For you, a strategic plan might be just the thing to break down all that intimidating business stuff into manageable chunks. Even though you have no staff, no other employees, a list of small tasks to accomplish can make those unpleasant business goals more achievable.

Depending on your attitude toward business, marketing, and sales, a mission statement and strategic plan could be beneficial to you. Just a couple more items in your writer toolbox, courtesy of—

Poseidon’s Scribe

Are All the Good Story Ideas Taken Already?

You’d like to write a story, but every time you think of an idea, you realize someone else wrote that one already. You figure all the good story ideas are used up. That’s it. There are no more. The last original novel has been written.

I don’t think so. New books, movies, and TV shows are coming out all the time.

no-story-ideasNo, you protest. Those aren’t new. They’re just rehashes or remakes of old ideas, with some new flair added. They’re just old stories brought into modern times, well-used story lines put in a new setting, or known plotlines with the main characters’ genders reversed.

If so, that’s great news for you. It means you don’t have to think of something completely original, either. If rehashes or slight twists work so well, then you can succeed with that method, too. That’s the message Melissa Donovan delivers very well in this post.

I think what you’re really telling me is, you’re stuck for an idea, and every time you think of one, you recognize you’d be copying what someone has already done.

There’s a particular genre you enjoy reading, and you consider yourself knowledgeable about that genre, and you’d like to see if you can write a story yourself. But you see that field as being well-plowed already. For every story idea, you immediately think of the existing, published story that used that idea.

You’re just in a mental rut, that’s all. It’s possible to climb back out.

Here are some suggestions for coming up with story ideas. These might work for you, or they might spark thoughts about other ways to accomplish the same thing:

  1. Do Internet or Twitter searches for trending key words. Combining seemingly unrelated key words might result in the nugget of a story idea. I’m convinced that’s how Kevin Eastman and Peter Laird came up with the idea for the Teenage Mutant Ninja Turtles.
  2. Search websites in your genre for words or thoughts that are trending. Those might suggest story ideas.
  3. Try the Suzanne Collins method. She came up with the idea for The Hunger Games while flipping TV channels. That turned out all right for her and might work for you.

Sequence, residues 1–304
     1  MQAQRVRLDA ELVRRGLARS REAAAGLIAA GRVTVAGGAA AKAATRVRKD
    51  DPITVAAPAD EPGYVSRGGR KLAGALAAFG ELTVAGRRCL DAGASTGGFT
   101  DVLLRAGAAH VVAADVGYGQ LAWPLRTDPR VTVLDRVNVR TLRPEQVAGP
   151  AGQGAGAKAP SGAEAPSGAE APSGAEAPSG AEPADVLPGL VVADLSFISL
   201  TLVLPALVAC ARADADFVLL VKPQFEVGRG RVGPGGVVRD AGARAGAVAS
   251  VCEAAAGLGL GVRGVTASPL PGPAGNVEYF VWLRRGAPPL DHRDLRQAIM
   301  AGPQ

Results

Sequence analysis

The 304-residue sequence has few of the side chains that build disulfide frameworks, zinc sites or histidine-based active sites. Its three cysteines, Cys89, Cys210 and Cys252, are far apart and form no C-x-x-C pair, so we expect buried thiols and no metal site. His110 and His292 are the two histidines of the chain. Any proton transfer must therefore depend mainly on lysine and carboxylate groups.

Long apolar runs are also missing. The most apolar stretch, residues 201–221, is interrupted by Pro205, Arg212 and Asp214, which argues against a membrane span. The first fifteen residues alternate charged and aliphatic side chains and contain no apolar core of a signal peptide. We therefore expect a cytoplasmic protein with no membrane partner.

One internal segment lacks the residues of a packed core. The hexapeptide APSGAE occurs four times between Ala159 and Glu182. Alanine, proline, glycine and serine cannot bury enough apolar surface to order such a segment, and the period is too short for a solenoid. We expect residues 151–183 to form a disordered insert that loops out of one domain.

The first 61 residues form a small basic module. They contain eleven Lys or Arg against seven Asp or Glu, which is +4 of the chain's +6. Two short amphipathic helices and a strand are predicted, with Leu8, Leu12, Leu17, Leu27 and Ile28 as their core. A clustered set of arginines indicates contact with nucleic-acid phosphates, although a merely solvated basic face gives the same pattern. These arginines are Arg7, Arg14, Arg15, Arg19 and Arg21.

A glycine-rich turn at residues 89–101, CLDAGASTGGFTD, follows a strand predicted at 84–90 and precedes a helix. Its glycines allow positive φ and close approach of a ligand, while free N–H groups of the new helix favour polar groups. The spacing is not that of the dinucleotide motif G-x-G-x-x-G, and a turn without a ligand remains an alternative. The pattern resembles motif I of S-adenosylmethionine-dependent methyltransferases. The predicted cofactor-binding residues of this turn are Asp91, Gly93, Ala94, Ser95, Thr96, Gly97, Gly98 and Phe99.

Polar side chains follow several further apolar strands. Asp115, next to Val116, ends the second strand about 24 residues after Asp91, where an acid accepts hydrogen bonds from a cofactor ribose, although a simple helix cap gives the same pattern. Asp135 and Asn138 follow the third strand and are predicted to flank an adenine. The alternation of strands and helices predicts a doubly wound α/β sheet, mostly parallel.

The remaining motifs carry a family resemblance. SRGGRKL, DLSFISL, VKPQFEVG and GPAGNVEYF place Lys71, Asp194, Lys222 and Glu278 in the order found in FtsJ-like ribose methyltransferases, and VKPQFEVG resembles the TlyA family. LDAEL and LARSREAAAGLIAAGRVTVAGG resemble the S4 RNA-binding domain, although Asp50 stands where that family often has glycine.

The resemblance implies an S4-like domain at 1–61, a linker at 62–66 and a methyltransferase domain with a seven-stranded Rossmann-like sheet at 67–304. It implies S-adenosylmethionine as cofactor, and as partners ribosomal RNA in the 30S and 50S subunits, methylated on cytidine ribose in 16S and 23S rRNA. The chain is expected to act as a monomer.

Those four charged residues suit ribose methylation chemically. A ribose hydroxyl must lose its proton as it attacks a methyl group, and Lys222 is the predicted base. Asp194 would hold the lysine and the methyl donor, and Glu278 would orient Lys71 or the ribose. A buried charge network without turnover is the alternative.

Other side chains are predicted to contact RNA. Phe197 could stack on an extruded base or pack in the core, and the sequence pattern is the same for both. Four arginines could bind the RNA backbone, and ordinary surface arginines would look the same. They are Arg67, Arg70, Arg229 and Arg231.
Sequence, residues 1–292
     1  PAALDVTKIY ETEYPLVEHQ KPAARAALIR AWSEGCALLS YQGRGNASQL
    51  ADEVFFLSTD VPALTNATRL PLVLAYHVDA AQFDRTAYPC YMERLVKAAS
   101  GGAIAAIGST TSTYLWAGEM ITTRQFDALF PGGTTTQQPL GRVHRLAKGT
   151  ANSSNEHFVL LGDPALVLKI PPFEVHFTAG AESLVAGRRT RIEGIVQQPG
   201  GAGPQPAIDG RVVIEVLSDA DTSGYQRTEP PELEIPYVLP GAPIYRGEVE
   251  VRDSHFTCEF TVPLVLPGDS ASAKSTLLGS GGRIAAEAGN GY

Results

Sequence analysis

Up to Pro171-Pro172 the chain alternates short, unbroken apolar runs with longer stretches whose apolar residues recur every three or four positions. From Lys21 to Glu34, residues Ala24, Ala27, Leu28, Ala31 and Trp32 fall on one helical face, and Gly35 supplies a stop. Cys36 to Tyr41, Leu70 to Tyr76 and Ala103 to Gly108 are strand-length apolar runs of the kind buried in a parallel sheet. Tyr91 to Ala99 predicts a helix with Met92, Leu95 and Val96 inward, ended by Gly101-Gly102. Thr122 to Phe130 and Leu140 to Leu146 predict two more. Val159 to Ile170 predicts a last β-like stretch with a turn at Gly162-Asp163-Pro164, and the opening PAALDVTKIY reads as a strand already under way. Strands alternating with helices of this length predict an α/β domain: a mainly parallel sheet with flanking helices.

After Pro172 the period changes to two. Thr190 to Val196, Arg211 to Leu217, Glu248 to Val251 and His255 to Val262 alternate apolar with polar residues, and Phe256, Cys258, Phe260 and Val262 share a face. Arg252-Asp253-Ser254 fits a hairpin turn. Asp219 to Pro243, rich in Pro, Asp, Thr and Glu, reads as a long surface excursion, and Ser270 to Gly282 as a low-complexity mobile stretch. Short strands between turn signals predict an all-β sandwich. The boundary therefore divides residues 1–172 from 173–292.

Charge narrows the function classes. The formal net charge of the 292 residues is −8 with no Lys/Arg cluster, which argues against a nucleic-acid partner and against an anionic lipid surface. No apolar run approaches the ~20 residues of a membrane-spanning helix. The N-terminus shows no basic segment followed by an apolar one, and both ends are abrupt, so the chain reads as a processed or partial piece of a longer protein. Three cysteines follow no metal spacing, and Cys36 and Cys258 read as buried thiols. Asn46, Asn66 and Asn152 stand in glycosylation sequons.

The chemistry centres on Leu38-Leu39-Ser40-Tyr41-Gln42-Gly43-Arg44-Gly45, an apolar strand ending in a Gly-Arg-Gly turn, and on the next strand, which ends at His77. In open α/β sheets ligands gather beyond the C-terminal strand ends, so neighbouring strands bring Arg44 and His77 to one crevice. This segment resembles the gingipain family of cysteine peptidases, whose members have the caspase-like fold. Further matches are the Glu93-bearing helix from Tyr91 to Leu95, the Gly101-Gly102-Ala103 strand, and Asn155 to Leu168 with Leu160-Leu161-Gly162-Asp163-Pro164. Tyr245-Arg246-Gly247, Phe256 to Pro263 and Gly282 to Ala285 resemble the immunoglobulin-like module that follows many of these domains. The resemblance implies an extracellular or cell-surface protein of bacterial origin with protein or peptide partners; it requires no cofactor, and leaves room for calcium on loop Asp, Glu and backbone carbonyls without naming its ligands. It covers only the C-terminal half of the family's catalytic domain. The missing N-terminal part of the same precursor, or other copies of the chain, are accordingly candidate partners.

4. Pick two books at random off your shelf at home and see if you could combine the two in some way. If not, pick two other books.
  5. Try the generational/nostalgic method. Look for what was popular 25-30 years ago, and update it. First you have a new audience who wasn’t around when the original came out. Second, the older folks in your audience will appreciate the nostalgic trip down memory lane.
  6. Take a song you like (either instrumental or voice), and think of the story that might go along with that song.
  7. Take an interesting picture or image from anywhere (web, your own life, magazines, etc.) and think of the story behind that image.
  8. Take a favorite character from a book or movie, and consider what you enjoy about that character. What if that character was completely different in appearance? For example, if that beloved character was a handsome, young, athletic man, what if you wrote about an older, plump woman with the same abilities and faced with similar conflicts?

Your next story idea is out there. Be open and receptive, and let it find you. Oh, and be sure to send a comment thanking—

Poseidon’s Scribe

Do You Know the MacGuffin Man?

What is a MacGuffin, do you want one in your story, and if so, how do you incorporate one? Read on to find out about this literary term.

MacGuffinSimply put, a MacGuffin is the protagonist’s goal. It can also be the goal of the antagonist as well. Perhaps they’re both pursuing it, or seeking to prevent the other from having it. It can be a tangible object, or an abstract idea.

Examples of MacGuffins in literature and film include the falcon figurine in Dashiell Hammett’s The Maltese Falcon, the witch’s broomstick in the film “The Wizard of Oz,” and the Golden Fleece in Apollonius Rhodius’ epic poem “Argonautica.”

Some stories have more than one MacGuffin, and characters seek them in sequence, one after the other. This is common in fantasy stories and fantasy games. Multiple MacGuffins are termed plot coupons.

A character’s goal (the MacGuffin) is different from a character’s motivation. As author Starla Criser explains, a goal is what you want. A motivation is why you want it. We’re mostly talking about the goal here, but it’s important that you convey to the reader that your character has a good reason to pursue that MacGuffin.

There remains some confusion over the term MacGuffin. In the Wikipedia article, director Alfred Hitchcock seems to dismiss it as unimportant—“The audience don’t care.” Director George Lucas disagrees, saying viewers should care about the MacGuffin as much as they do the main characters.